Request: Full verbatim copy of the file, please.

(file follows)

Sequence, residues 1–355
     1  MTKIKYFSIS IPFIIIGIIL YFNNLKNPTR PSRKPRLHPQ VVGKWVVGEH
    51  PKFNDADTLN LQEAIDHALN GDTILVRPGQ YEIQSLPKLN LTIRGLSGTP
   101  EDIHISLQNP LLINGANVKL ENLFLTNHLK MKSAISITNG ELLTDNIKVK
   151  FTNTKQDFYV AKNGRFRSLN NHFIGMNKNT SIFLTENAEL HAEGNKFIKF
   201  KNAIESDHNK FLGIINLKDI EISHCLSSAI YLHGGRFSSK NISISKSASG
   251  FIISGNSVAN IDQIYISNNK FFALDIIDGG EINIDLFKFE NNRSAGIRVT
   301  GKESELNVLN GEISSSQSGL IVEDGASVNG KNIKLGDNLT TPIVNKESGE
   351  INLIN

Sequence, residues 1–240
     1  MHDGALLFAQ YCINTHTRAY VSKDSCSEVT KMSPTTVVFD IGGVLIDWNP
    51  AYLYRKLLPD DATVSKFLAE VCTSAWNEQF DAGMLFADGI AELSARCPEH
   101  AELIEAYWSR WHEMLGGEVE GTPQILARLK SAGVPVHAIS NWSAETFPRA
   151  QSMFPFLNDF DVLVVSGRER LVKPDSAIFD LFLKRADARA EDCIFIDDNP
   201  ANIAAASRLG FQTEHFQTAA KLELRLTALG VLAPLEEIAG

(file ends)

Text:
Sequence, residues 1–355
     1  MTKIKYFSIS IPFIIIGIIL YFNNLKNPTR PSRKPRLHPQ VVGKWVVGEH
    51  PKFNDADTLN LQEAIDHALN GDTILVRPGQ YEIQSLPKLN LTIRGLSGTP
   101  EDIHISLQNP LLINGANVKL ENLFLTNHLK MKSAISITNG ELLTDNIKVK
   151  FTNTKQDFYV AKNGRFRSLN NHFIGMNKNT SIFLTENAEL HAEGNKFIKF
   201  KNAIESDHNK FLGIINLKDI EISHCLSSAI YLHGGRFSSK NISISKSASG
   251  FIISGNSVAN IDQIYISNNK FFALDIIDGG EINIDLFKFE NNRSAGIRVT
   301  GKESELNVLN GEISSSQSGL IVEDGASVNG KNIKLGDNLT TPIVNKESGE
   351  INLIN

Sequence, residues 1–240
     1  MHDGALLFAQ YCINTHTRAY VSKDSCSEVT KMSPTTVVFD IGGVLIDWNP
    51  AYLYRKLLPD DATVSKFLAE VCTSAWNEQF DAGMLFADGI AELSARCPEH
   101  AELIEAYWSR WHEMLGGEVE GTPQILARLK SAGVPVHAIS NWSAETFPRA
   151  QSMFPFLNDF DVLVVSGRER LVKPDSAIFD LFLKRADARA EDCIFIDDNP
   201  ANIAAASRLG FQTEHFQTAA KLELRLTALG VLAPLEEIAG